Endowments, Fiscal Federalism, and the Cost of Capital for States: Evidence from Brazil, 1891-1930
In the last few years there has been an explosion in the number of papers that aim to explain what determines country risk (defined as the difference between the yield of a sovereign's bonds and the risk free rate). In this paper, we contribute to the discussion using by showing that Brazilian states with natural endowments that allowed them to export commodities that were in high demand (e.g., rubber and coffee) between 1891 and 1930 ended up having higher revenues per capita and, thus, lower cost of capital. The link between exports and state government revenues works in the Brazilian case because of the extreme form of fiscal federalism that the Brazilian government adopted in the Constitution of 1891, giving state governments the sole right to tax exports. We create a panel of state debt risk premia and a series of state level fiscal variables and we show, using OLS, that having specific commodities gave states access capital in better terms (i.e., lower risk premium) in international markets. We also confirm our results that states with better commodities had lower risk premia when we use export price indices for each of the states as instruments for state revenue per capita.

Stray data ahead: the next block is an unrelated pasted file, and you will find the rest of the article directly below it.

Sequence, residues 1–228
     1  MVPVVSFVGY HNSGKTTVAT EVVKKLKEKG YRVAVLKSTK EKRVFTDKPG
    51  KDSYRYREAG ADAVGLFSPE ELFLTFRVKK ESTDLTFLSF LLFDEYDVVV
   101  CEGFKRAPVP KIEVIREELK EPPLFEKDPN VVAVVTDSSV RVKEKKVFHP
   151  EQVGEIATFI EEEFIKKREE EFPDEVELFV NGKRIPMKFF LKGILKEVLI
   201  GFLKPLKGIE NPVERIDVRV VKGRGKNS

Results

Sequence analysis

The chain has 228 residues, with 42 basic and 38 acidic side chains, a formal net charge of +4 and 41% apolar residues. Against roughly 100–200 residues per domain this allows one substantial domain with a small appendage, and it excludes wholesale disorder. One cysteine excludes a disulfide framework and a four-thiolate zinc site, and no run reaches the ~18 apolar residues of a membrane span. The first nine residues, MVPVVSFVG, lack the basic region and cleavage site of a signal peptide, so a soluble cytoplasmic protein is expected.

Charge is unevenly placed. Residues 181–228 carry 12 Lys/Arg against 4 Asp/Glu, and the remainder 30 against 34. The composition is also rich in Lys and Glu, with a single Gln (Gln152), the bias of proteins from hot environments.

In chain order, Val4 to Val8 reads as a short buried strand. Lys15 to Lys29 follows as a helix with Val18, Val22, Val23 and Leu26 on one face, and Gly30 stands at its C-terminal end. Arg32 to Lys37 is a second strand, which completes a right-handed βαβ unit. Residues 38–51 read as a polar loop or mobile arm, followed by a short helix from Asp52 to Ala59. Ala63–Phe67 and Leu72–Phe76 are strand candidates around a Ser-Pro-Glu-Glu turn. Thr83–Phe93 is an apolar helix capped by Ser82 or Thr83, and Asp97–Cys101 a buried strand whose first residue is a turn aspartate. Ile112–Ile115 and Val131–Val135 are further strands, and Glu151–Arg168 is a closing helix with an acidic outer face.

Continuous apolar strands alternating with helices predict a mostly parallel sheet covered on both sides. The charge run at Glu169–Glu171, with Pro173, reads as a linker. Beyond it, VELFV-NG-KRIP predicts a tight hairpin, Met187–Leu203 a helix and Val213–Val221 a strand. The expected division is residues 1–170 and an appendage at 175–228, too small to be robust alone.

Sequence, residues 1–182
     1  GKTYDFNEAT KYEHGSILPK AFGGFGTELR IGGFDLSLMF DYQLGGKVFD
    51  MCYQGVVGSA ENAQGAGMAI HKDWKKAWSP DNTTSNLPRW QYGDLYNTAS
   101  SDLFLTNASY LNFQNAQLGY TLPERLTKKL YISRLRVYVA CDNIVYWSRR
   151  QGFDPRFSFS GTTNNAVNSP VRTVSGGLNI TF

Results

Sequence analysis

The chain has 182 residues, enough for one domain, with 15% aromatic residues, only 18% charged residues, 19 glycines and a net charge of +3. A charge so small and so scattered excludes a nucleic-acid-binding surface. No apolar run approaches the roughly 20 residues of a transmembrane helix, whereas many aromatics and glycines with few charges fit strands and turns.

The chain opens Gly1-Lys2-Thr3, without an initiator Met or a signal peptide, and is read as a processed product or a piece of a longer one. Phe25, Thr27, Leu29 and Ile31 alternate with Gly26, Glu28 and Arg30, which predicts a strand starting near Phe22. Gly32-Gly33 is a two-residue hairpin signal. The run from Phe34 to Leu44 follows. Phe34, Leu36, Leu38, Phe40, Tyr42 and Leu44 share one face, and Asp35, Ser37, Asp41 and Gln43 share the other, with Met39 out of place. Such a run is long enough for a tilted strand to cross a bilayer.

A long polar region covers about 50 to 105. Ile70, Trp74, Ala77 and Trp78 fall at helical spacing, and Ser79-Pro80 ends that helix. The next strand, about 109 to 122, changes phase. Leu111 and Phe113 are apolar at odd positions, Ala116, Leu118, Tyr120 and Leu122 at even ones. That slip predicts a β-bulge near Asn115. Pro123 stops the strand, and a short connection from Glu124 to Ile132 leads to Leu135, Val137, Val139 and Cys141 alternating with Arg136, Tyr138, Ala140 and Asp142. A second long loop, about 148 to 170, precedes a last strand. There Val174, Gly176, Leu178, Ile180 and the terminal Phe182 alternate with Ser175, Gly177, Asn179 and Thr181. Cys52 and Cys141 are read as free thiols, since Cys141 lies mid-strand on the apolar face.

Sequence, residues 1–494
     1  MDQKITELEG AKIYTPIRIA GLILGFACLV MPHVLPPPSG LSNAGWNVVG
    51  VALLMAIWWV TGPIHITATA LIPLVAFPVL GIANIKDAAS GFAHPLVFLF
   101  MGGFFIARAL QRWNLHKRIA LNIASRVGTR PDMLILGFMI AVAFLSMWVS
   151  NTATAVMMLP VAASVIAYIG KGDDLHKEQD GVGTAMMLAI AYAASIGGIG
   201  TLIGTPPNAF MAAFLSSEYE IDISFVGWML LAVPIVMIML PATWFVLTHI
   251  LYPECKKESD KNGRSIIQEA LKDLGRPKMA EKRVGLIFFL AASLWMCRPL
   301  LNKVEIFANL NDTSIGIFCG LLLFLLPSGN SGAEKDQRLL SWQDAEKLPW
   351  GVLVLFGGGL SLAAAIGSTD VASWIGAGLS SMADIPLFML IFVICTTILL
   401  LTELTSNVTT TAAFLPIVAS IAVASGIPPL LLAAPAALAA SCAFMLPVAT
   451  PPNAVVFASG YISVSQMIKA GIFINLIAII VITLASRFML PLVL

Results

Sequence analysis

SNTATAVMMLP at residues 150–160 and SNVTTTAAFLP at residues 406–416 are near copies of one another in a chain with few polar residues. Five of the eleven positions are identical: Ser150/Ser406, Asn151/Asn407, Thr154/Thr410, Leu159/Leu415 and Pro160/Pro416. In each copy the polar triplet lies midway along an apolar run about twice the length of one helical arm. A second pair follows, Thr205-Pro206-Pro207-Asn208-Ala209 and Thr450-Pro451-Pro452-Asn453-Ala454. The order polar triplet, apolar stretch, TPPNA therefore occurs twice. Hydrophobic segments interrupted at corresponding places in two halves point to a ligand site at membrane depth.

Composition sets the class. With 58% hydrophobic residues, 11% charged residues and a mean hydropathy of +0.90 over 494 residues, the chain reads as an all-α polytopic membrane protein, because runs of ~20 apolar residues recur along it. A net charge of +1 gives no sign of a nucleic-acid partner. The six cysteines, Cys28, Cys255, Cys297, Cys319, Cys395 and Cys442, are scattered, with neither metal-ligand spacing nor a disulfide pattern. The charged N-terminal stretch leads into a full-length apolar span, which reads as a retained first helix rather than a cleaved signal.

|Date of creation:||Oct 2009|
|Date of revision:|
|Publication status:||published as Martinez Fritscher, André C. & Musacchio, Aldo, 2010."Endowments, fiscal federalism and the cost of capital for states: evidence from Brazil, 1891–1930," Financial History Review, Cambridge University Press, vol. 17(01), pages 13-50, April.|
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